The first person narrator is Bernadette’s daughter, Bee. However, the bulk of the story is told through a bunch of found documents: letters, emails, newspaper clippings, web pages, and notes. So, immediately, we’re drawn into Bee’s head as she tries to cobble together what happened to her mother. Where did she go? And why did she leave?
I loved that the story is more about why Bernadette left than anything. She seems happy, she loves her daughter, she’s getting along okay. Or at least she appears to be. I mean, she’s also a great big mess living a great big messy life. But that’s not what Bee sees. What Bee sees is a mother who loves her daughter, period. So the found documents really work to create a full picture of all of the people around Bernadette and how they see her versus how Bee sees her versus how she sees herself.
One of the best things about the use of the found documents is seeing the many facets of Bernadette but also the myriad ways different people can see one situation. Also, I loved seeing how all these different people are lying to themselves or creating their own fiction about their lives. And also how they’re blind to their own flaws and their own messes because they’re so wrapped up in other people’s lives. It’s really kind of brilliant.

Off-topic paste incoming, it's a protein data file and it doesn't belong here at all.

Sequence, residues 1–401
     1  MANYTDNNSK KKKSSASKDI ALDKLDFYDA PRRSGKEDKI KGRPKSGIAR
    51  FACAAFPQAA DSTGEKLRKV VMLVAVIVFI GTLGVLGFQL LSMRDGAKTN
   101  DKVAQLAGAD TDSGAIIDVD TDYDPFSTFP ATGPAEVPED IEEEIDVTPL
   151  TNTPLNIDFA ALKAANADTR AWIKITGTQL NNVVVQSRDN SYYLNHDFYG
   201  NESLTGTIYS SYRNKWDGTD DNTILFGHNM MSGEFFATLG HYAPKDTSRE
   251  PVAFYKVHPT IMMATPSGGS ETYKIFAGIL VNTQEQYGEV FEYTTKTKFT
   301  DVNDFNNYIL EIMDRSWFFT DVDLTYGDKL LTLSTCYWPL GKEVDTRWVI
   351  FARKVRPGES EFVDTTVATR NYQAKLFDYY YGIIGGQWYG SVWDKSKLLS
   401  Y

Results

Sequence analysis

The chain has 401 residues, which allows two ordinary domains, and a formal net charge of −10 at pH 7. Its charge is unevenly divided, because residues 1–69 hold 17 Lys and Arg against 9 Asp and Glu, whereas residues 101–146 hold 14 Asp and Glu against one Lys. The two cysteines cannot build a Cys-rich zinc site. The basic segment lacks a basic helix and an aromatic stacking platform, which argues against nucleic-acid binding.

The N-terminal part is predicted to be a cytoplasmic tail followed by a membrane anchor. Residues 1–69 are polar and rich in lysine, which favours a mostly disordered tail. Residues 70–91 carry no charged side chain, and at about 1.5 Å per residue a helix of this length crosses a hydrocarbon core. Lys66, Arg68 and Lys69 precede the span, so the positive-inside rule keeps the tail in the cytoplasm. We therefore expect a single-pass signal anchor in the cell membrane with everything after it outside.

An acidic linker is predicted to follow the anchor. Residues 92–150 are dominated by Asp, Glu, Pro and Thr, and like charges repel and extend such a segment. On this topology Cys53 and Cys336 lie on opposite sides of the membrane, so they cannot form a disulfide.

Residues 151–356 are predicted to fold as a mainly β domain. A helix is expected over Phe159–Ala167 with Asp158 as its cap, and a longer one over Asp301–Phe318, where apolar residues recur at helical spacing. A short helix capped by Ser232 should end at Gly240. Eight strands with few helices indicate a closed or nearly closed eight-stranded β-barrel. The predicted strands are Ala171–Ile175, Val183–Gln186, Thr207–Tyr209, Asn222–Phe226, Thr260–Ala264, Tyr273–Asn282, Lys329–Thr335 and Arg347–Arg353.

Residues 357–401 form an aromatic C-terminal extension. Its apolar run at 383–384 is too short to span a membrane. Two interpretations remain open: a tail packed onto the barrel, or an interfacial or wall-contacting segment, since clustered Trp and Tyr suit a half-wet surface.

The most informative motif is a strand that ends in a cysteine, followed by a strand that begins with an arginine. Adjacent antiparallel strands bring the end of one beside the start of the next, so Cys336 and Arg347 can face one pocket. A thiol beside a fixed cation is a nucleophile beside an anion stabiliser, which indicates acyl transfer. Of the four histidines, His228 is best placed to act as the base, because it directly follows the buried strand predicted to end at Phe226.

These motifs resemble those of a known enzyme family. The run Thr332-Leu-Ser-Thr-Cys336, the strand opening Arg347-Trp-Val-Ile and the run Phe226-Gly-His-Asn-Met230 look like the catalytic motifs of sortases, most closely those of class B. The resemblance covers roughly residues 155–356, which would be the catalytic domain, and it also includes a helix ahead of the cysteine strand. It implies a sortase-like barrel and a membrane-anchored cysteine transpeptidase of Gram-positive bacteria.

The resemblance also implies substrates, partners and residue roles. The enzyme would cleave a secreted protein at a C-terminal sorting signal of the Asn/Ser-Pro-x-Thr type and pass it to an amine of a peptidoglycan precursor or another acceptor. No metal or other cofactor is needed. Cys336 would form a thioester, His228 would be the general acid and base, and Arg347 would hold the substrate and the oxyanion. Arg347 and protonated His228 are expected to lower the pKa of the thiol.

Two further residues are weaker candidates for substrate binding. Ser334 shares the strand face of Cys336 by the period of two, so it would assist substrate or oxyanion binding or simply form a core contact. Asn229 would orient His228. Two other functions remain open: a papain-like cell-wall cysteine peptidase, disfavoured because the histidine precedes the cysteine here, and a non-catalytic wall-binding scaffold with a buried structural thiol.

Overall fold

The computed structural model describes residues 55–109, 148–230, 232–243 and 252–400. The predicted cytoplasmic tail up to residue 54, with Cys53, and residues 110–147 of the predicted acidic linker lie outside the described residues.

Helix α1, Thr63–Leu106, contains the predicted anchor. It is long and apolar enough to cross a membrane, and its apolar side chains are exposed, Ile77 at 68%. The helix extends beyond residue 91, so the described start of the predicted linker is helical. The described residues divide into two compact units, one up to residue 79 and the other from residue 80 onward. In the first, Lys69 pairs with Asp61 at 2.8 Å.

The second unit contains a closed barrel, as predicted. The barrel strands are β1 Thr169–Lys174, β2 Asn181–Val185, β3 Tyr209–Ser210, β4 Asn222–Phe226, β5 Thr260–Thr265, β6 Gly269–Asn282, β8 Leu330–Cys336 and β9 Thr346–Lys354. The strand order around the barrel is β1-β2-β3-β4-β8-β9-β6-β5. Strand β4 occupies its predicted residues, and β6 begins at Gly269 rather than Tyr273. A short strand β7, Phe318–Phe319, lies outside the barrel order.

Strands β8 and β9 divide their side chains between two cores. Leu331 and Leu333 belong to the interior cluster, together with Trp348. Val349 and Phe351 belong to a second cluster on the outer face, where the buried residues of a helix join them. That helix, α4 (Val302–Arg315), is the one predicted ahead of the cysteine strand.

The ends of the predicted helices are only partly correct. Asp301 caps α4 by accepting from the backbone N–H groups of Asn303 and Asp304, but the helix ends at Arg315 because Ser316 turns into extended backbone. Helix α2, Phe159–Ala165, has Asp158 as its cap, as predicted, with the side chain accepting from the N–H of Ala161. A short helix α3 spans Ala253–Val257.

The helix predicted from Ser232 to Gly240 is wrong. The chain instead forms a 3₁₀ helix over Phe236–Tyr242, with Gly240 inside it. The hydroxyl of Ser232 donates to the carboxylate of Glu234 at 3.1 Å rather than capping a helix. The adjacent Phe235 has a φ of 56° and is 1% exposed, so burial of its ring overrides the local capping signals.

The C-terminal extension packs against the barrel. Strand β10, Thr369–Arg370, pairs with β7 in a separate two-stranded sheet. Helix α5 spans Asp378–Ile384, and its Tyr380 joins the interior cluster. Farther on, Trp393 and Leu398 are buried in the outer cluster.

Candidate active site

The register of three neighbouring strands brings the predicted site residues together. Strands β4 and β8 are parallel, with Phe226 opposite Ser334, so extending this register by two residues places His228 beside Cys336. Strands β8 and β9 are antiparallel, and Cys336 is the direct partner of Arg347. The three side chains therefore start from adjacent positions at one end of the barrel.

Mostly, though, I had so much fun reading this book. It was fun and funny. The characters are all mostly terrible people (except for Bee), but they all felt so real, and I could imagine them actually occupying the world we live in. (What makes them terrible, btw, is that they hate each other.)
Bee reminds me so much of my daughter. SO MUCH. So I have a real affinity for her.
Oh! I also dug the look at creativity and what happens when creative people stop creating. Bernadette is a brilliant architect without a project. Most of her life is avoiding people who know her previous work because she’s embarrassed/upset/sad that she has been stagnant. She hides inside her house and avoids people so she doesn’t have to talk about her work or lack thereof. I really appreciated that and I loved that Semple showed us that Bernadette was a genius and why she was instead of just being all, “She won a MacArthur, so obviously.”
P.S. Audrey’s turnaround is fantastic and believable.
Anyway, I am trying to get my book club to read this book because the core is serious (a woman who is lost–figuratively and literally), but it’s so playful and fun in the way Semple puts it together. My kingdom for a chance to pick the book club book. I swear.